From Many, One

Readings in American Political and Social Thought

Richard C. Sinopoli, Editor

"An indispensable text for the study of e pluribus unum."
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Unique among readers in American political and social thought, From Many, One is a broad and balanced anthology that explores the problem of diversity and American political identity throughout American history. From the classic texts of the American political tradition to diverse minority writings, this book offers a wide spectrum of ideas about identity, gender, immigration, race, and religion, and addresses how these issues relate to the concept of national unity.

Covering the gamut of viewpoints from majority to minority, from conservative to radical, from assimilationist to separatist, the authors range from the Founding Fathers to Frederick Jackson Turner, from Abigail Adams to bell hooks and Catharine MacKinnon; from Abraham Lincoln to Malcolm X; from Roger Williams to Ralph E. Reed.

Sinopoli's extensive introductory and concluding essays set the context for and draw out the implications of the fifty readings. The conclusion includes case studies of three minority groups—homosexuals, Mexican-Americans, and Chinese-Americans—to illustrate further the themes of the volume. Brief introductions to each reading and to each of the five sections provide background information.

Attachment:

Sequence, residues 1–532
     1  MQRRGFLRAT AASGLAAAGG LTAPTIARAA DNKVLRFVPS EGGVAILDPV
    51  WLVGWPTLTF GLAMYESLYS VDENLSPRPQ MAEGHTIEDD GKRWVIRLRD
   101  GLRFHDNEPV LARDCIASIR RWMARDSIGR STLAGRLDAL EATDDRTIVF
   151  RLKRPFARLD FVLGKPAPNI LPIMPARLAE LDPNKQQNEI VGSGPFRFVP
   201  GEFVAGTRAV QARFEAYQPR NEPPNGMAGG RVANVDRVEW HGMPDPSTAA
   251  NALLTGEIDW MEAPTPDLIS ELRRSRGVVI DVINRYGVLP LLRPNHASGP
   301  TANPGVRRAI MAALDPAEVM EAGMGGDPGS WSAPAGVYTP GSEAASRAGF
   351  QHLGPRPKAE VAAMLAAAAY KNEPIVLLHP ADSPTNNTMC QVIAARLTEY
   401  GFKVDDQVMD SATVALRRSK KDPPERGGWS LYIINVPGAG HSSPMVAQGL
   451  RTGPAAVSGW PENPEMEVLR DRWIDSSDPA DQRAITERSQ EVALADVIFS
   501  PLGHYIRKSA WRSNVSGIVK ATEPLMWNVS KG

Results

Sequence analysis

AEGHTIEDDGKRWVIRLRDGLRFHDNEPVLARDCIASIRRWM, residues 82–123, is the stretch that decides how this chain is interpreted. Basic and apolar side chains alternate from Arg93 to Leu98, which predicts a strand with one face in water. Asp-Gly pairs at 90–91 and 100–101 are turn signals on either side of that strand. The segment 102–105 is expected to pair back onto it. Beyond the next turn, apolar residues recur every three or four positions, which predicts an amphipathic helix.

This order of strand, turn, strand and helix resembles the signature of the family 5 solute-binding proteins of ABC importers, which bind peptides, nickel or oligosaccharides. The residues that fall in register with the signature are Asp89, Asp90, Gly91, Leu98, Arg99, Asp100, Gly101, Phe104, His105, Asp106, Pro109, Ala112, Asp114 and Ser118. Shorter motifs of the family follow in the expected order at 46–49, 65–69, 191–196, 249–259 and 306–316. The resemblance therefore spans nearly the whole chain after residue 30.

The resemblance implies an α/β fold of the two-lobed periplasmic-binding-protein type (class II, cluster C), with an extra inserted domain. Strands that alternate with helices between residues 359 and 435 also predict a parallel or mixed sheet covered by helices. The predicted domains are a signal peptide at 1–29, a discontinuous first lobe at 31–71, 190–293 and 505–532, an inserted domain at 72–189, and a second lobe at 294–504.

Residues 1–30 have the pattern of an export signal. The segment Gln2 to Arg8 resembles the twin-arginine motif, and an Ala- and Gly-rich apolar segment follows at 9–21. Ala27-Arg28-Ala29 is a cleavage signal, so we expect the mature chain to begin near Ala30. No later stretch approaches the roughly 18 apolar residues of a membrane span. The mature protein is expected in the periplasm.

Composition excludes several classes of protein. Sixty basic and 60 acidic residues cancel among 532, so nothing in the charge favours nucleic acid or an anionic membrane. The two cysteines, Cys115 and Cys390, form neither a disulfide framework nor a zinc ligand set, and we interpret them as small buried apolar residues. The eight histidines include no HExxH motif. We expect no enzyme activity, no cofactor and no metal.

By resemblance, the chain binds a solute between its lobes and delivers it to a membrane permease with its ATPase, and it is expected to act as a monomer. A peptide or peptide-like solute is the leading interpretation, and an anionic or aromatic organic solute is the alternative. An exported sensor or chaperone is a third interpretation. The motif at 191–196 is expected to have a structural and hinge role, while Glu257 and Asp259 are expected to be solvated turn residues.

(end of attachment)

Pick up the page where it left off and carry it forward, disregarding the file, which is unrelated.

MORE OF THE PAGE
In examining one of the central questions of American public life—the issue of national diversity—From Many, One will be a useful text for courses in American political thought, sociology, American Studies, and American history.

Table of Contents

Introductory Essay: From Many, One

PART I American Unity and Diversity: Political Principles and National Identity
Editor's Introduction to Part I
The Declaration of Independence: The Unanimous Declaration of the Thirteen United States of America In Congress, July 4, 1776
The Anti-Federalists: Brutus and Cato
The Federalist Papers (1787)
George Washington, "Farewell Address" (1796)
Tecumseh, "Sleep Not Longer, 0 Choctaws and Chickasaws"
Tecumseh, "Father, Listen! The Americans Have Not Yet Defeated Us By Land"
John C. Calhoun, "A Disquisition on Government" (1853)
Abraham Lincoln, "The Perpetuation of Our Political Institutions"
Address Before the Springfield Young Men's Lyceum, January 27, 1838
Abraham Lincoln, "Gettysburg Address" (1863)
Frederick Jackson Turner, "The Significance of the Frontier in American History" (1893)
James Bryce, "The Uniformity of American Life" from The American Commonwealth (1908)
Suggestions for Further Reading

PART II Gender and Politics: Citizenship, Equality, and Difference
Editor's Introduction to Part II
Letters of Abigail and John Adams (1776)
Philadelphia Broadside, "The Sentiments of an American Woman" (1780)
Judith Sargent Murray, "On the Equality of the Sexes" (1790)
Elizabeth Cady Stanton, Lucretia Mott, et al., (Declaration of Sentiments and Resolutions) Seneca Falls (1848)
Frances D. Gage, Sojourner Truth, "A'n't I A Woman?" (1851)
Susan B. Anthony, "Constitutional Argument" (1872)
Elizabeth Cady Stanton, "Address to the Founding Convention of the The National American Woman Suffrage Association" (1890)
Emma Goldman, "Woman Suffrage" (1917)
The National Organization for Women,"Statement of Purpose" (1966)
bell hooks, "Feminism: A Movement to End Sexist Oppression" (1984)